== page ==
By the time this pamphlet was published around June 1887 Joseph Lane had played a major part in the growth of a new working-class militancy in London. This working-class culture was militant and vibrant and developed itself as a culture positioned in opposition to all forms of capitalism and state socialism. A public speaker rather than a writer, Lane flourished as a regular speaker at the outside pitches at Mile End Waste, Victoria Park and the one near Hoxton church. He also spoke at Hyde Park and other outdoor venues and, although he spoke at quite high-profile indoor meetings (the 1887 commemoration of the Paris Commune for instance), one senses it was at these free-flowing outdoor meetings that he was at his best. It was a rougher more challenging world there. At these outdoor meetings you weren’t speaking to those who already agreed with what you were saying, but more likely to those who thought you were stupid or just wanted to argue with you. At the very best they would only be casually interested or entertained by your words. Such an approach to spreading the word though stressed the efforts of Lane and others to bring together the working class and the casual and permanent poor in the struggle against capitalism. It was hard graft and one senses Lane was very good at it.
You can find an account of his career and the circumstances of his writing the Manifesto here but there are a few points I’d like to add. I think it needs emphasizing that Lane was an unapologetic working-class militant. Over the eighteen years or so of his active political engagement he moved from support for piecemeal reforms to a belief in the necessity of wholescale structural change ushered in by force, leading to what was essentially anarchist communism. As early as the London conference of social revolutionaries and anarchists in July 1881 he argued for social revolution and against trade unions, suggesting that trade unions were merely part and parcel of the structure of capitalism and would turn out to be the enemy of the working class and poor. His work in the working-class communities of London suggested a constant urgency and commitment reflected in his almost obsessive need to get things done, often seeming to work himself to the point of exhaustion. We can see those characteristics in the working-class clubs he helped create and the countless meetings he set up in and around them. You sense the daily efforts he put in attempting to build momentum among the poor and the working class that would bring about the better world he believed in. There was no time to waste and little time to rest. Although he was by nature somewhat of a loner Lane worked closely with Frank Kitz, Ambrose Barker (a friend until Lane’s death) as well as Fred Slaughter (later Fred Charles). Through Kitz he met German anarchists like Johan Neve, with whom he was particularly close, sharing a similarity of approach in thinking and political work. At the time of writing the Anti-Statist Communist Manifesto Lane appears to have also been close to Belgian anarchist Victor Dave who offered edits on the galleys of this pamphlet.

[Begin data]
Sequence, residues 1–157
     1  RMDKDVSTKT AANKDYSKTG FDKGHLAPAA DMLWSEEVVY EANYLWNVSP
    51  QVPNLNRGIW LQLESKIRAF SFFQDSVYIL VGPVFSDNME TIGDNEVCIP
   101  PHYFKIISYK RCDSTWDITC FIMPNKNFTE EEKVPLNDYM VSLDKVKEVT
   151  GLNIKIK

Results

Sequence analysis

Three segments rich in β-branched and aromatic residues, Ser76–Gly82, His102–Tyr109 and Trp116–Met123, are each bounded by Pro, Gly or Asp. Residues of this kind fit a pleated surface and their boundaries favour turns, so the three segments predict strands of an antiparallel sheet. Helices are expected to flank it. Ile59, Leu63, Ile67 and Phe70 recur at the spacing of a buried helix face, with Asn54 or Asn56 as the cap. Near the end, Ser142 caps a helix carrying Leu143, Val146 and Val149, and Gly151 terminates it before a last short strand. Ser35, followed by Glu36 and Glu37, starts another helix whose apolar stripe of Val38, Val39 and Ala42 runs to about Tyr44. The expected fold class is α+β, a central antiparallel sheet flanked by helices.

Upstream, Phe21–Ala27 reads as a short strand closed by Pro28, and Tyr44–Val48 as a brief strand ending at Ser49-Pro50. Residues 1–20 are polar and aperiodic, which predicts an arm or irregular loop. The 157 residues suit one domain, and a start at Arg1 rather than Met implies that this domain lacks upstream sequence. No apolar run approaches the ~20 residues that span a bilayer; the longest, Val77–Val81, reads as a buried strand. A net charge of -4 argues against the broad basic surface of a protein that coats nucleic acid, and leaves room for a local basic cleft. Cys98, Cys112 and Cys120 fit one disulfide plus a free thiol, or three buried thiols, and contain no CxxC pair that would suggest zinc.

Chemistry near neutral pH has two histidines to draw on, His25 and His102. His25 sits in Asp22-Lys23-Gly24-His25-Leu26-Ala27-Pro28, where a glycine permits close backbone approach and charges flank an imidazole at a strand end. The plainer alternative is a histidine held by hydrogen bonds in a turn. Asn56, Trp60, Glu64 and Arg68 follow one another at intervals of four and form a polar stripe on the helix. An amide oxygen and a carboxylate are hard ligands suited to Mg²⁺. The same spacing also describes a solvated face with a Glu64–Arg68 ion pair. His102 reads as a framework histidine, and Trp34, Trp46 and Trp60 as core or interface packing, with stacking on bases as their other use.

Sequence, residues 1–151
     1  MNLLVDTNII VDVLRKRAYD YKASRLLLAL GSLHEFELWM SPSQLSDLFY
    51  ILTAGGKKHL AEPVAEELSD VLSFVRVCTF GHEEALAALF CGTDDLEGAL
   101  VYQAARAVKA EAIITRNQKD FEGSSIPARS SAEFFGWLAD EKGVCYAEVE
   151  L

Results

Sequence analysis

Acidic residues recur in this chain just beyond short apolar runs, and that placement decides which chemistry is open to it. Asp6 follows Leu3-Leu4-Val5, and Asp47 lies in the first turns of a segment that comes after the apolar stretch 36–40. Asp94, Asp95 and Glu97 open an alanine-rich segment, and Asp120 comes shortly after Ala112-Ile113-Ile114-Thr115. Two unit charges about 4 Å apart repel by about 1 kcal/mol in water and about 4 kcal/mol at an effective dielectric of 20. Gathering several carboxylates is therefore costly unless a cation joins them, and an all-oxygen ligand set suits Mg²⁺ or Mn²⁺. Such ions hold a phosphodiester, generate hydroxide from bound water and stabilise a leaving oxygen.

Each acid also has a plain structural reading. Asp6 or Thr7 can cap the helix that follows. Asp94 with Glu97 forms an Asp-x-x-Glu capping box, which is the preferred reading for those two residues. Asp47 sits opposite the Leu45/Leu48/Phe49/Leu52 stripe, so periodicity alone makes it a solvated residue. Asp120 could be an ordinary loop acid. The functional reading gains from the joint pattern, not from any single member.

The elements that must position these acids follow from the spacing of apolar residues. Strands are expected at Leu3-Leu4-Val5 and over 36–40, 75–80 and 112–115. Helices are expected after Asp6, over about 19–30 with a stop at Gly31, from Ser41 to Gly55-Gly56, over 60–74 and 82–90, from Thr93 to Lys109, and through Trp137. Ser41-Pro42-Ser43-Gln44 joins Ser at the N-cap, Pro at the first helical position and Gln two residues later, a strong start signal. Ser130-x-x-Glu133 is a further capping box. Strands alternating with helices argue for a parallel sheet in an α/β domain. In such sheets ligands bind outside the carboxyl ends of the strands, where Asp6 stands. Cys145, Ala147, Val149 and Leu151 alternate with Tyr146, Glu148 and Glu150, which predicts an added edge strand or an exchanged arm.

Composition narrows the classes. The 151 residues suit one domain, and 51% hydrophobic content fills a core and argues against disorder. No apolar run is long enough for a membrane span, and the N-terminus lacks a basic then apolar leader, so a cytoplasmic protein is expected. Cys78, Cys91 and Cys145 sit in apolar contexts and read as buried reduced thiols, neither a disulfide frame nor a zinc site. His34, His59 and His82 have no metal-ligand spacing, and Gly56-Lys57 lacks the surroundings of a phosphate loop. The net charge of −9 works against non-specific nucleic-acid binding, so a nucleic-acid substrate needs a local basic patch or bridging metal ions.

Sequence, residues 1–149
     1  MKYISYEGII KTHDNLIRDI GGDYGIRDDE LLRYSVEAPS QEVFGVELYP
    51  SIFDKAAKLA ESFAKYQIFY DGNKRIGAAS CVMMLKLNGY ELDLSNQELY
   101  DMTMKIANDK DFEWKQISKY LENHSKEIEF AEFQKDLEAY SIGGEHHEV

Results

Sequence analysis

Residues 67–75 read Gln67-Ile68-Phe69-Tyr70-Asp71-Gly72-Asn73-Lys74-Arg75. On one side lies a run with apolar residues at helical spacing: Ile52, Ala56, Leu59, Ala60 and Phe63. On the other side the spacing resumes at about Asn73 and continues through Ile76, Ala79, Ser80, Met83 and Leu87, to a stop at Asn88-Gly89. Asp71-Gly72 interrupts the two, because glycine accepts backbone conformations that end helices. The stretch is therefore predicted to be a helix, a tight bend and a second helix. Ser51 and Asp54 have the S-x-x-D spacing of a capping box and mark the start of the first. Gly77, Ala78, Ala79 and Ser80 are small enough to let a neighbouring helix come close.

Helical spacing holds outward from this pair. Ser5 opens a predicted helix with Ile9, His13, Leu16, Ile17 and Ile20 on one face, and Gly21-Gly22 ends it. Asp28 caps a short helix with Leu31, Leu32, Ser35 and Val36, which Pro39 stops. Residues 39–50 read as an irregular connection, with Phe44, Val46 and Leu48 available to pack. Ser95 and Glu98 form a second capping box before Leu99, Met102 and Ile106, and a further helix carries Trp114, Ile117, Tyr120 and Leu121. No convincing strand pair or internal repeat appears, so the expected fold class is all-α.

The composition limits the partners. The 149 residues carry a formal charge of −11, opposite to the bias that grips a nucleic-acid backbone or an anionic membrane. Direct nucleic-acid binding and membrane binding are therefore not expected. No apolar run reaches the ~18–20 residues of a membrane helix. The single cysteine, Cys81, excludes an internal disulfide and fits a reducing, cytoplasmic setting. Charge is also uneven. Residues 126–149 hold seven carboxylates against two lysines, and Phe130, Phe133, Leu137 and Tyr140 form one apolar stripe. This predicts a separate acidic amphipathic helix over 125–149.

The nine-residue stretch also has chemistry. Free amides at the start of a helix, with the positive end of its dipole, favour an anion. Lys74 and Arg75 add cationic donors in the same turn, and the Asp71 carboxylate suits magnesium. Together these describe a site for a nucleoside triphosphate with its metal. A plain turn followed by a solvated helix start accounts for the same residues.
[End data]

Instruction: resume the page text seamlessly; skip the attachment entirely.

An Anti-Statist Communist Manifesto came about as a result of the long-standing argument within the Socialist League between those who favoured parliamentary action to bring about change and those who didn’t. Although this piece was a reaction to that particular discussion it was also the distillation of the many, many conversations and arguments that had filled Lane’s life up until this point in time. In his essential history of British anarchism “The Slow Burning Fuse” John Quail writes that Lane’s pamphlet could “fairly be claimed as the first English anarchist home grown pronouncement” (p87) It is an attractive assertion but I think it may be a little more complicated than that.